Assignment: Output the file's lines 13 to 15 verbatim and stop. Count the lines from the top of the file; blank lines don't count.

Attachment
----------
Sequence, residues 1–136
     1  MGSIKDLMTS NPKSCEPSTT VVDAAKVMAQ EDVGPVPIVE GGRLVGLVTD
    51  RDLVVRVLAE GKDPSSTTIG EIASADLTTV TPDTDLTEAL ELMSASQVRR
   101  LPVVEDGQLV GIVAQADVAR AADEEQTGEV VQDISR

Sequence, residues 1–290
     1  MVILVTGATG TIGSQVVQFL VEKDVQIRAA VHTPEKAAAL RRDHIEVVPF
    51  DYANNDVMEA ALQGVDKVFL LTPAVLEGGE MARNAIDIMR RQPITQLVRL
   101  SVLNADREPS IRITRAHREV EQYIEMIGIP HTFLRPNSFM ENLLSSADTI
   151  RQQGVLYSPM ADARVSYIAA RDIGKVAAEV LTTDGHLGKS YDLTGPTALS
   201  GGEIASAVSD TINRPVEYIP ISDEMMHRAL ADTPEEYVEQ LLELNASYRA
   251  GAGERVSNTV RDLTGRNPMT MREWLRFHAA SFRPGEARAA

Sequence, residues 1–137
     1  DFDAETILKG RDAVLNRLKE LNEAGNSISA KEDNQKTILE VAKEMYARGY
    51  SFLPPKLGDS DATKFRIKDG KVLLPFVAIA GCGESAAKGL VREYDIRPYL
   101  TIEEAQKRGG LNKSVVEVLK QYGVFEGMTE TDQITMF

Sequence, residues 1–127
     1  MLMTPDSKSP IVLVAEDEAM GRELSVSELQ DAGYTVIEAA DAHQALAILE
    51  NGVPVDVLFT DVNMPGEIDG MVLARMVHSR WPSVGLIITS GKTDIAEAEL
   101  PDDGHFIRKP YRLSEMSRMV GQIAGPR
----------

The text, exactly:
     1  DFDAETILKG RDAVLNRLKE LNEAGNSISA KEDNQKTILE VAKEMYARGY
    51  SFLPPKLGDS DATKFRIKDG KVLLPFVAIA GCGESAAKGL VREYDIRPYL
   101  TIEEAQKRGG LNKSVVEVLK QYGVFEGMTE TDQITMF